Job Changes

H1-B Visa Job Changes or Promotions

Routine promotions are generally not deemed material, as they do not directly impact the alien’s continued eligibility for H-1B classification. Accordingly, the Service has held that a promotion to a higher position within the same occupation would not normally require the filing of an amended petition, provided that the alien is required to utilize the same academic training as was required in the former petition. However, the INS has also stated that [i]f the alien’s job duties change to the extent that the duties are no longer those of the position identified on the original petition and the supporting LCA, a new or amended petition must be filed.

Similarly, a salary increase which is commensurate with a promotion within the same occupation would not generally be a material change and thus would not require a new petition or a new LCA. (In the Service correspondence discussing the promotion issue noted above, the attorney’s inquiry indicated an increase in pay from $27,000 to $35,000.) However, the employer would have to develop and maintain documentation explaining the changes to show that, after such salary adjustment, the wages paid to the H-1B nonimmigrant are at least the greater of the adjusted actual wage or the prevailing wage for the occupation in the area of intended employment. Furthermore, if in determining the prevailing wage the employer relied on a published survey or other source data that provided various levels of wage based on the level of skill, the employer must adjust the rate of pay in accordance with the appropriate level for the new petition.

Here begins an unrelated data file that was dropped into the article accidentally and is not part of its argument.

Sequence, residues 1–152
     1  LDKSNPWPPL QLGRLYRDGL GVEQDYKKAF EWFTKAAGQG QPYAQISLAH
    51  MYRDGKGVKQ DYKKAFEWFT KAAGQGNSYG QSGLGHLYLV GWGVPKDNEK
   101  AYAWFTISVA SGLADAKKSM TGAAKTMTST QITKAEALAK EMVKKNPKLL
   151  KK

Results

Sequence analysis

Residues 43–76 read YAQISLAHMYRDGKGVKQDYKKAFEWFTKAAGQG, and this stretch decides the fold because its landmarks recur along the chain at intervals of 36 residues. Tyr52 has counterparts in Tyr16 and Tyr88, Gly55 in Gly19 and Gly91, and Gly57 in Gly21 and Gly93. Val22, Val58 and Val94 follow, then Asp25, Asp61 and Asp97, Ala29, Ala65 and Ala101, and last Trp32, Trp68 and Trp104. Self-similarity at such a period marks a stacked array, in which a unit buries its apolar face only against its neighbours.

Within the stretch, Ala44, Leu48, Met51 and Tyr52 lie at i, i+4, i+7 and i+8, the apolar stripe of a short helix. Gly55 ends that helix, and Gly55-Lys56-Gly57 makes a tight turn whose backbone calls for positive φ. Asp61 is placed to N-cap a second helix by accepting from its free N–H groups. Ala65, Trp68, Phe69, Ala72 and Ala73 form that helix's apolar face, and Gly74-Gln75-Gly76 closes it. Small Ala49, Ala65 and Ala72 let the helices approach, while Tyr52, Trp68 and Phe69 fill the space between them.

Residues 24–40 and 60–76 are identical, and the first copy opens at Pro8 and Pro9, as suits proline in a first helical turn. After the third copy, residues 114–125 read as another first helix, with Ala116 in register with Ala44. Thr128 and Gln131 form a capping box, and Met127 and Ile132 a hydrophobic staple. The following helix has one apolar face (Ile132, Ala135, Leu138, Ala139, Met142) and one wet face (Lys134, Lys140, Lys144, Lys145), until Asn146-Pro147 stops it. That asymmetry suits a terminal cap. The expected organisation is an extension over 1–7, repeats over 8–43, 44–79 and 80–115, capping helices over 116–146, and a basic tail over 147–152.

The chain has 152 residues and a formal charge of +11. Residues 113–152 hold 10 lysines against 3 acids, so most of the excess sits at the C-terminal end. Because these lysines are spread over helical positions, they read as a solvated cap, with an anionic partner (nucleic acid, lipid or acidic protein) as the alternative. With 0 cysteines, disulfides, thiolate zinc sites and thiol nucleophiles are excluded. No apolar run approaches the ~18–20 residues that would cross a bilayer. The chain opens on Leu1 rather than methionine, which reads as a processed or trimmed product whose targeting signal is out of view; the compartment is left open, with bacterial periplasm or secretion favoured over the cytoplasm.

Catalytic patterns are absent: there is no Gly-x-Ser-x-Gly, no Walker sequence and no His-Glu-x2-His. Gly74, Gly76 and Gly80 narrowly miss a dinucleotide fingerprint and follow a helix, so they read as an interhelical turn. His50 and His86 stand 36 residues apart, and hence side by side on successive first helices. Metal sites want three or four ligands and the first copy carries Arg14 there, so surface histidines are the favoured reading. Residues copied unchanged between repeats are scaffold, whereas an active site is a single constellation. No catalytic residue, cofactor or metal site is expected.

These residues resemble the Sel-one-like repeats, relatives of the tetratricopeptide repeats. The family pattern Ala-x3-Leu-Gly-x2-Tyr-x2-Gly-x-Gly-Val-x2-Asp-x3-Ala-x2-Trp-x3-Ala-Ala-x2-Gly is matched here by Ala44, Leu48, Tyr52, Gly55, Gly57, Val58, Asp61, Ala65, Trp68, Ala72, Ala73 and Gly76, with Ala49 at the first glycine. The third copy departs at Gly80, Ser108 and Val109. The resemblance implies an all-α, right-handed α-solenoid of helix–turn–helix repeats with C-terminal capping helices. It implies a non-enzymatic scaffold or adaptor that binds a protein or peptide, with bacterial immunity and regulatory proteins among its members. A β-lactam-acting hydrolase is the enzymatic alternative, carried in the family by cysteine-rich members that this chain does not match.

A change to an occupation not listed on the LCA invalidates the LCA. In this regard, a promotion that results in the application of a new Occupational Code (such as a move from professional employment to a management level position) may constitute a change in occupation. When the new job is in a different specialty occupation, INS will deem this to be a material change. The INS Central Office memoranda and the proposed regulations make it clear that a change in duties from one specialty occupation to another necessitates the filing of an amended petition.

Whether a change in duties rises to the level of a change in specialty occupation depends on the specific circumstances of each case. In the example provided in the Aleinikoff memorandum, if an alien physician is admitted to the United States to teach or conduct medical research and then seeks to provide clinical care, an amended petition must be filed.

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